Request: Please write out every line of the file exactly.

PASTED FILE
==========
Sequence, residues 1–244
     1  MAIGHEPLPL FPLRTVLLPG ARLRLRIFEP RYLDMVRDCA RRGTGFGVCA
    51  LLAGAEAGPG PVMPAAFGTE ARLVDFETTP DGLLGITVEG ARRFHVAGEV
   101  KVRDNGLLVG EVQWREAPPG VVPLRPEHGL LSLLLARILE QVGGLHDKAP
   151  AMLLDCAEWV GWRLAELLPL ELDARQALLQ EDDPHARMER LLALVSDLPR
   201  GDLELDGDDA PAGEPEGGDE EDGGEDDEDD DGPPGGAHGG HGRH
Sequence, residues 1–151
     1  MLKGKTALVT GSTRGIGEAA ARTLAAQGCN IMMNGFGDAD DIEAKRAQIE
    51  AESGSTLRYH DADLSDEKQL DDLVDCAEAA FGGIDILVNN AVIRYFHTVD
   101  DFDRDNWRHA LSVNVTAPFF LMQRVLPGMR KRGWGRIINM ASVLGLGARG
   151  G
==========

Sequence, residues 1–244
     1  MAIGHEPLPL FPLRTVLLPG ARLRLRIFEP RYLDMVRDCA RRGTGFGVCA
    51  LLAGAEAGPG PVMPAAFGTE ARLVDFETTP DGLLGITVEG ARRFHVAGEV
   101  KVRDNGLLVG EVQWREAPPG VVPLRPEHGL LSLLLARILE QVGGLHDKAP
   151  AMLLDCAEWV GWRLAELLPL ELDARQALLQ EDDPHARMER LLALVSDLPR
   201  GDLELDGDDA PAGEPEGGDE EDGGEDDEDD DGPPGGAHGG HGRH
Sequence, residues 1–151
     1  MLKGKTALVT GSTRGIGEAA ARTLAAQGCN IMMNGFGDAD DIEAKRAQIE
    51  AESGSTLRYH DADLSDEKQL DDLVDCAEAA FGGIDILVNN AVIRYFHTVD
   101  DFDRDNWRHA LSVNVTAPFF LMQRVLPGMR KRGWGRIINM ASVLGLGARG
   151  G